“Men spend ages in the bathroom!” says bathroom product

February 28th, 2012

Never underestimate the power of a good, old-fashioned bait-and-switch. For example, take this story from the Daily Mail last week:

Smartphones replace newspapers as choice of reading material… for men in the toilet

Taking the newspaper to the toilet has long been a proud male preserve.

But now the tech age has affected even this most established of masculine habits.

Instead, Jim Royle types are swapping their tabloids and broadsheets for a smartphone. 

New research shows that men are far more likely to be scrolling through their phone screens than browsing the paper. 

Now one in two men regularly takes their mobile phone into the toilet to surf the internet, compared to just a third who take a newspaper.

So, who might be behind this story? A smartphone manufacturer? A new time-wasting app? Andrex? Nope.

Head and Shoulders – the shampoo made by Proctor and Gamble.

Why would a shampoo have any interest in men’s reading habits on the toilet, you might wonder? The answer is simple enough – they don’t, really, but it makes for a nice headline. Looking at the other stats and stories in the article, it’s clear what the real focus of the poll was:

The new survey, carried out by shampoo brand Head & Shoulders, found that men spend longer in the bathroom than women – 19 minutes compared to 18 minutes on a typical week day.

More than twice as many men as women take two or more showers a day – 19 per cent compared to nine per cent – and men are much more likely than women to regard a loofah and nail scissors as a bathroom essentials.

Geordie men are the cleanest when it comes to bathroom habits, spending 26 minutes in the shower on a typical morning, while men from the north-west spend least time at just 16 minutes.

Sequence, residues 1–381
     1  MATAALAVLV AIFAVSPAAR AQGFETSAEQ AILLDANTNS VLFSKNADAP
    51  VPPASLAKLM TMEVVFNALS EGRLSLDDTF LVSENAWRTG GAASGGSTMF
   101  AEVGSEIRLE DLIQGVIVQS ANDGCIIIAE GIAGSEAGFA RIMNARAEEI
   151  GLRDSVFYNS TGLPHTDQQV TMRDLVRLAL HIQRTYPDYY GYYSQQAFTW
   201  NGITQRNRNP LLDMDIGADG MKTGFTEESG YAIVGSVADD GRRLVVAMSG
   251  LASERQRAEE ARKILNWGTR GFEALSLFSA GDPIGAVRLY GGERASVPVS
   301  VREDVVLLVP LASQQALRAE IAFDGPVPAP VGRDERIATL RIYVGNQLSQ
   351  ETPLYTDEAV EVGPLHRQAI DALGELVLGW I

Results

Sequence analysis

At weekends, men in London indulge themselves with showers averaging an incredible 31 minutes.

But our motivations for washing are more complex than they might seem – women are more likely to feel showering makes them feel more attractive, while men say a shower makes them feel more productive.

So, what we have is a survey primarily based around shower habits with plenty of datamining to flesh out the bones – showing, for example, the areas where men are ‘cleanest’ because they spend longest in the shower, when common sense dictates that someone had to come top of that list.

However, to not only bury the client behind the survey but also to grab a few extra headlines, there’s a random question about toilet habits thrown in, which is the main hook the press release was based around. Had the toilet angle proven fruitless in the datamining, the PR firm working for Head and Shoulders (called Ketchum) clearly had a back-up plan, in the form of a trusted celebrity angle:

As an escape from the daily routine, one in five men thinks about singer Cheryl Cole in the shower, while women are most likely to think about Hollywood star Johnny Depp while washing. Scottish and Northern Irish women are particularly keen on Gary Barlow.

So there we have it – a classic bait and switch, and a great example of a press release masquerading as news.